5 Value Stocks that Insiders Like
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Insider purchases tend to be bullish signs for a company, but that's not the only factor we use to narrow down our investment choices. We also like to use the traditional value metric of a trailing price-to-earnings ratio to see how cheap a stock is relative to the company’s past performance. Using data from Fidelity and our own database of insider trades, here are five stocks that have low trailing P/E multiples and have seen at least one insider purchase in the last three months.
Two board members at The Timken Company (NYSE: TKR) bought shares in the company at the end of July at prices of about $38 per share- slightly lower than the current stock price. Consensus insider buying is a particularly bullish sign for a stock (read more about consensus insider buying). Timken manufactures bearings and other machine tools that are sold to transportation customers, including the military. The company trades at 7 times earnings on both a trailing and a forward basis, and with revenue and earnings up last quarter compared to a year ago we’d be interested in looking at the company further.
For some time now Tractors and Farm Equipment Limited has been buying shares in AGCO Corporation (NYSE: AGCO); Tractors and Farm Equipment Limited is managed by AGCO Board member Mallika Srinivasan. AGCO trades at 7 times trailing earnings, and is expected to grow substantially over the next few years due to higher agricultural demand. Its five-year PEG ratio is 0.8, reflecting that Wall Street analysts consider it a buy given its value and growth characteristics. We think AGCO deserves consideration among other potential investments with exposure to agriculture.
Multiple insiders have also been buying at CNO Financial Group (NYSE: CNO), a $2.3 billion market cap health and life insurance company (research insider activity at CNO Financial). CNO carries a trailing P/E multiple of 7, but analysts are skeptical that its strong performance (earnings were up 30% in the second quarter compared to the same period in 2011) will continue, and their estimates imply a considerably higher forward P/E, at 12. CNO is also very exposed to the broader market with a beta of 2.2. The consensus insider buy is interesting, but we don’t see a reason to choose it over Timken or AGCO.
Axis Capital (NYSE: AXS), a property and casualty insurer, saw its new CEO John Nichols invest over $1 million in the stock in late August. Axis’s stock is up 38% since a year ago, which has tracked a strong increase in earnings despite revenue being essentially flat. Axis’s $4.7 billion market capitalization places it at 8 times trailing earnings, but as with CNO the Street is pessimistic for 2013 and its consensus of $3.80 in earnings per share next year- down from an expectation of $3.98 in 2012- place it at a valuation of 10 times forward estimates. It actually seems like a more interesting insurer to research than CNO.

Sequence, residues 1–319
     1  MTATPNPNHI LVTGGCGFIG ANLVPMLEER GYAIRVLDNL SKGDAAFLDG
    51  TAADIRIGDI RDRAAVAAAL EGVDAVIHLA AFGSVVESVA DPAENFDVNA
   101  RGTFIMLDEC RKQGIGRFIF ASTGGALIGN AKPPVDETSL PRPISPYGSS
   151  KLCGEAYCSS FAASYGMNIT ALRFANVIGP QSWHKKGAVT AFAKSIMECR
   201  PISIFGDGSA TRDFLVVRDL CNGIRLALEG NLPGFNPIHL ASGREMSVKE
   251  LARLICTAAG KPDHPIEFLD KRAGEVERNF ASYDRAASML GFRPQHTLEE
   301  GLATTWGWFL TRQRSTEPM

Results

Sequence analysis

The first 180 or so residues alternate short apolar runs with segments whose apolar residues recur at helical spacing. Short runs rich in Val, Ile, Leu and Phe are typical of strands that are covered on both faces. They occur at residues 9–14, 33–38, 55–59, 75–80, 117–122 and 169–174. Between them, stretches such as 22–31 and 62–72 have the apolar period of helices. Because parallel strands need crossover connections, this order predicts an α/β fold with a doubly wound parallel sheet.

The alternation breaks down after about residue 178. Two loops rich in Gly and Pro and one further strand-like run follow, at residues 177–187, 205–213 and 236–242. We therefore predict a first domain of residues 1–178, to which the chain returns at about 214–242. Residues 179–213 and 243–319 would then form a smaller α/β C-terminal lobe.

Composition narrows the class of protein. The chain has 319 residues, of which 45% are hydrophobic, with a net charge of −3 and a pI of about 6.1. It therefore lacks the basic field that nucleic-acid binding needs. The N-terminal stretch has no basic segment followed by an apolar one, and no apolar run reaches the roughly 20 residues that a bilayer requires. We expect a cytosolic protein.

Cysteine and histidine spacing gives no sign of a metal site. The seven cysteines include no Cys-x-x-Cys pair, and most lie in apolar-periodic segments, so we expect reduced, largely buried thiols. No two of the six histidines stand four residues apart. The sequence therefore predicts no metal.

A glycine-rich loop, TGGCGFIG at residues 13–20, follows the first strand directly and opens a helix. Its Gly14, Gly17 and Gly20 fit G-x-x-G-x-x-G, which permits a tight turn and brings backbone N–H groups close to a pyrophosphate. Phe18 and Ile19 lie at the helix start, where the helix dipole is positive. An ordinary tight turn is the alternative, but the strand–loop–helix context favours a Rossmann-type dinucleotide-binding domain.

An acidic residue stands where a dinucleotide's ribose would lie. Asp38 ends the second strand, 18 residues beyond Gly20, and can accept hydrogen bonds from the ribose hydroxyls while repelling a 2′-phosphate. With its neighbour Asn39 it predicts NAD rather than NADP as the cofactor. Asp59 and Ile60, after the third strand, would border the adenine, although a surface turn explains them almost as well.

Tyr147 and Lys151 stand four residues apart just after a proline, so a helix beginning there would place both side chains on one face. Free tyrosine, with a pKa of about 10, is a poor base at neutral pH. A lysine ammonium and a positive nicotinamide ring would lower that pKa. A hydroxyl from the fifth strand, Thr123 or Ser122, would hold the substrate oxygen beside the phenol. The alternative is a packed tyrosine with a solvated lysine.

Finally, General Motors (NYSE: GM) CEO Dan Akerson bought 25,000 shares of the stock in August (though this was at an average price of $20.35, and the share price has risen about 20% since then). GM, at trailing and forward P/Es of 9 and 6, respectively, certainly qualifies as a value stock, and billionaire David Einhorn of Greenlight Capital recommended buying it at the Value Investing Congress earlier this month. We were a bit skeptical of his pick, as European and international operations remain weak and the U.S. hasn’t been strong enough to carry its earnings higher (particularly given its declining market share). As a result we wouldn’t want to be long GM either.
This article is written by Matt Doiron and edited by Meena Krishnamsetty. They don't own shares in any of the stocks mentioned in this article. The Motley Fool has no positions in the stocks mentioned above. Motley Fool newsletter services recommend General Motors Company. Try any of our Foolish newsletter services free for 30 days. We Fools may not all hold the same opinions, but we all believe that considering a diverse range of insights makes us better investors. The Motley Fool has a disclosure policy.If you have questions about this post or the Fool’s blog network, click here for information.